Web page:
Blog & Calendar

South Carolina High School Ethics Bowl: A Showcase of Critical Thinking and Ethical Deliberation

Caroline Glazebrook, Digital Marketing & Communications Manager
Fourteen teams from across South Carolina converged at Wofford College for the SC High School Ethics Bowl on Saturday, January 20th. This competition, aimed at fostering critical thinking and ethical decision-making, brought students together to engage in insightful discussions on a variety of topics.

Competition Format:
The SC High School Ethics Bowl follows a unique format where each round consists of two teams, each composed of five students. The teams are tasked with making a presentation on a given case study, responding to their opponents' presentation, and fielding questions from judges. This dynamic structure encourages participants to not only articulate their perspectives but also engage in thoughtful dialogue with their peers.

Diverse Topics:
The breadth of topics covered in the Ethics Bowl reflects the diversity of ethical considerations in our society. Participants grappled with personal decisions such as end-of-life care for the elderly and the intricacies of gift-giving. Additionally, the competition delved into larger political issues, including debates on copyright for AI-generated images and the promotion of healthy food choices in schools.

CCES's Notable Performance:
Among the standout performances, Christ Church Episcopal School (CCES) emerged as a formidable contender, securing 2nd place overall. In the culminating round of the competition, CCES students engaged in a thought-provoking discussion on the ethical issues surrounding nuclear non-proliferation and its implications for global politics. Their journey through the competition was marked by articulate presentations and insightful responses. However, in a closely contested final match, CCES narrowly lost to Dorman High School.

The SC High School Ethics Bowl not only serves as a platform for healthy competition but also as a forum for nurturing ethical reasoning and critical thinking skills among the next generation. The participants, through their exploration of diverse topics, demonstrated the importance of engaging in ethical deliberation to navigate the complexities of personal and societal decision-making.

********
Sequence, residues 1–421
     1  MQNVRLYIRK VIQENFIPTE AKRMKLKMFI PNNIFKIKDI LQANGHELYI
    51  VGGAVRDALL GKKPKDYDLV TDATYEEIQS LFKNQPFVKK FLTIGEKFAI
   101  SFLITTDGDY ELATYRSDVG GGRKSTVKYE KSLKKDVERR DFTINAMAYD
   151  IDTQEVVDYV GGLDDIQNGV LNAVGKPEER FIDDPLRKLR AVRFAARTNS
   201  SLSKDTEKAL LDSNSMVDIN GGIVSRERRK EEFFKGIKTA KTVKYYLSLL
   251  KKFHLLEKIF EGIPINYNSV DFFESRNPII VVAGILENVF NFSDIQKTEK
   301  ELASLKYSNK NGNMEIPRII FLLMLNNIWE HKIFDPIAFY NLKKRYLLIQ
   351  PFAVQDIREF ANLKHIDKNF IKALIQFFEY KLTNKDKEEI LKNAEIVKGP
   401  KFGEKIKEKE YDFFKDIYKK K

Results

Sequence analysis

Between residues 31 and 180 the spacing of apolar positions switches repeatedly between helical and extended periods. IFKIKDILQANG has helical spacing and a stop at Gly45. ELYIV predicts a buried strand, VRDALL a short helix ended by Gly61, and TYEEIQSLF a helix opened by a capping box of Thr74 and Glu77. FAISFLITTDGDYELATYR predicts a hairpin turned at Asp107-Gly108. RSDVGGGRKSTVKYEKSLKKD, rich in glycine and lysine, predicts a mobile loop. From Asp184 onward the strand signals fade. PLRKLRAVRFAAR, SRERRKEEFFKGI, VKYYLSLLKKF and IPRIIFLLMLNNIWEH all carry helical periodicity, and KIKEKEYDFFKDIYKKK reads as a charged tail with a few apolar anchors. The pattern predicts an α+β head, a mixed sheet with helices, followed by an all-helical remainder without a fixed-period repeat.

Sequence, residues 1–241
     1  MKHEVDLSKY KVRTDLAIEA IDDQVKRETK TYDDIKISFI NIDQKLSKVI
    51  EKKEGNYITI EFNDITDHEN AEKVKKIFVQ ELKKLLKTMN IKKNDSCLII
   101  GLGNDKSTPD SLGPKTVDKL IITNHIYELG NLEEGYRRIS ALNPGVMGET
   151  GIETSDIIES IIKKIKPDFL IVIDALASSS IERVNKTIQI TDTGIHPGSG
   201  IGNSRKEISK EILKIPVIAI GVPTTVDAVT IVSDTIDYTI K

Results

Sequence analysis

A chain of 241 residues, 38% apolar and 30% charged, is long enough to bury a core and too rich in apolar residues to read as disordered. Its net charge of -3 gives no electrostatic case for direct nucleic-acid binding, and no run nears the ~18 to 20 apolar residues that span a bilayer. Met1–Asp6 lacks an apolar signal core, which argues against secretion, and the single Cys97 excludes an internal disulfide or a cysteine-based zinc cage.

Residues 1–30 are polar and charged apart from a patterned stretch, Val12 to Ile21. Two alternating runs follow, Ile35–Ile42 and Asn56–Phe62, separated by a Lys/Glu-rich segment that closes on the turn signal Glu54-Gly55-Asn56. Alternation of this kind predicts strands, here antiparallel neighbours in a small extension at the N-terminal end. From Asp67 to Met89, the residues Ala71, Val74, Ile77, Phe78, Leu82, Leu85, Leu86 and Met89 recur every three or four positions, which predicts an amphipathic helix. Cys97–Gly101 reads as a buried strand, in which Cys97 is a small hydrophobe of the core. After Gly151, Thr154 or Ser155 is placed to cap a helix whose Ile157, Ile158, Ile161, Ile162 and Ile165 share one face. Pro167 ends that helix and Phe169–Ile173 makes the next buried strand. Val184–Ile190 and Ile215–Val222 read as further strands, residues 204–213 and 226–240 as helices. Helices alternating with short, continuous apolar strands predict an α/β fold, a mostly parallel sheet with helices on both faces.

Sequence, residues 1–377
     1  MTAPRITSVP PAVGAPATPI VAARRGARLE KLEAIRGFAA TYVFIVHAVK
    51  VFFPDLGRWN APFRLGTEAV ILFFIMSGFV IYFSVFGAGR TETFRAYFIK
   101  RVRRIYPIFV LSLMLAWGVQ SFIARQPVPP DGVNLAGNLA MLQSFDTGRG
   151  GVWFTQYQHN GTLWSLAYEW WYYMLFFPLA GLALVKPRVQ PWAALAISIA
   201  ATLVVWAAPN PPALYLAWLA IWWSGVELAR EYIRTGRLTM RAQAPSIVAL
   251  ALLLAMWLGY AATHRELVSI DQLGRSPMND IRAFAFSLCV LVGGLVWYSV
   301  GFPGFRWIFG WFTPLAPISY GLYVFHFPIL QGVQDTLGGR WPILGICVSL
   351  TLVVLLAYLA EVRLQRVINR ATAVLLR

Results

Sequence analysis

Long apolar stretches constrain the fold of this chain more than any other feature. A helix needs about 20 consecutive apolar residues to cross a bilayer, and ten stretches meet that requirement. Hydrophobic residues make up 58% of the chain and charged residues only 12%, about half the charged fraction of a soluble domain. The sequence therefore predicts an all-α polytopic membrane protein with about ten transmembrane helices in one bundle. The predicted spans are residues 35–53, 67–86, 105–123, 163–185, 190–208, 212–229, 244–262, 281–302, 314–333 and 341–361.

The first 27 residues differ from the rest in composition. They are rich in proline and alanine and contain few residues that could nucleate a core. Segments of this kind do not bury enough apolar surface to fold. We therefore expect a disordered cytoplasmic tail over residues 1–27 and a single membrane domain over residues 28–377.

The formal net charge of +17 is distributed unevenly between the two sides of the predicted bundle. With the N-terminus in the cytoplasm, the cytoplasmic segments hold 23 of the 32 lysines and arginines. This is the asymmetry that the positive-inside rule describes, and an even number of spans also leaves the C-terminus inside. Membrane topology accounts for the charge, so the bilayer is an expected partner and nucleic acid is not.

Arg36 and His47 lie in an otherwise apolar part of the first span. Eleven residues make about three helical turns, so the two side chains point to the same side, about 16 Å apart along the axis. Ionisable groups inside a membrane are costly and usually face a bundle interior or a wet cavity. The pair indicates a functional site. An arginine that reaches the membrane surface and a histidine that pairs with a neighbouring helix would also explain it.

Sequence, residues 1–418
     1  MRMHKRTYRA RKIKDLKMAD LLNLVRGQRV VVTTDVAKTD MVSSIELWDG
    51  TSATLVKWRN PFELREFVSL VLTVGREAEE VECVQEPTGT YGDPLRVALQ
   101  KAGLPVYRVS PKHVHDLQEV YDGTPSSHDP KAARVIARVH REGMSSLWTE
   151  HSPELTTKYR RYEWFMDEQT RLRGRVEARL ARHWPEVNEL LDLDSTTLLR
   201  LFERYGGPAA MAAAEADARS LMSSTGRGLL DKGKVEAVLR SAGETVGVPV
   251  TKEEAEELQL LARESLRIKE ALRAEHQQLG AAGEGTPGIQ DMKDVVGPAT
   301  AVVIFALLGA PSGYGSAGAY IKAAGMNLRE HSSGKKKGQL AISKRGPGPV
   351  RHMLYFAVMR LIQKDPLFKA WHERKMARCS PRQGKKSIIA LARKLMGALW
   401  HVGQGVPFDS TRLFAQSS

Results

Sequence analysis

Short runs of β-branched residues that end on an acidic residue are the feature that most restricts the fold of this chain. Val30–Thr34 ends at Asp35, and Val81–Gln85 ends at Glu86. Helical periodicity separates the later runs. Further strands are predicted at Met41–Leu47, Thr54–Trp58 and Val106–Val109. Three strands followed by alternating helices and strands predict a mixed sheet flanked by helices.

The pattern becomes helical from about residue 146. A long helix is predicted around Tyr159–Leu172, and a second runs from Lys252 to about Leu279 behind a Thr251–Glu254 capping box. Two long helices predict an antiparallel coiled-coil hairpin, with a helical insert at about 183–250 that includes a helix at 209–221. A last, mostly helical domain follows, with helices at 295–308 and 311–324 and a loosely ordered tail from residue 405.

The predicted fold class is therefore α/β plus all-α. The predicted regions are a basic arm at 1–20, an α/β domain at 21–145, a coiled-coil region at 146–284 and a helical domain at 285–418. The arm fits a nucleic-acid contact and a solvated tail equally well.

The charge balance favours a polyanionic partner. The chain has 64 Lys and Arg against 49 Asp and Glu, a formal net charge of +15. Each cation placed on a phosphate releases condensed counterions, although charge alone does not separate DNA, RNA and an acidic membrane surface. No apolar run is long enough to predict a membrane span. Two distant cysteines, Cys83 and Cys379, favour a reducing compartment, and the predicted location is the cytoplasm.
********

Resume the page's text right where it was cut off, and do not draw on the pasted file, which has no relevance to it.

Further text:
“I think our team performed outstandingly. They did not lose a match until the final round, and the matches that they won were won by a considerable margin. They entered the semi-final round as the team with the highest point total overall. They drew an immensely difficult opponent and a really difficult case in the final round, but only lost by a slim margin. They composed, on the fly, substantial answers to maddeningly complex situations. They did themselves and CCES proud.” -Jason Smith, CCES Teacher & Ethics Bowl Coach

"It was one of the most exciting and frustrating things I've ever done. I never thought much about morality until last Saturday. I realize now how empathy and justice are vital to this ever-changing, ever-complex world." -Amanda ‘26
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    • (L to R) Coach Jason Smith, Millie ‘27, Jonathan ‘27, Amanda ‘26, Nelson ‘24, Owen ‘26, coach Erick Bousman, and Mackenzie ‘25. 

Christ Church Episcopal School (“CCES”) admits students of any race, color, national and ethnic origin to all the rights, privileges, programs, and activities generally accorded or made available to students at CCES. CCES does not discriminate on the basis of sex, race, color, national or ethnic origin, creed, religion, or sexual orientation in the administration of its educational policies, admission policies, financial aid, scholarship or other programs, or athletic or other school-administered programs and activities.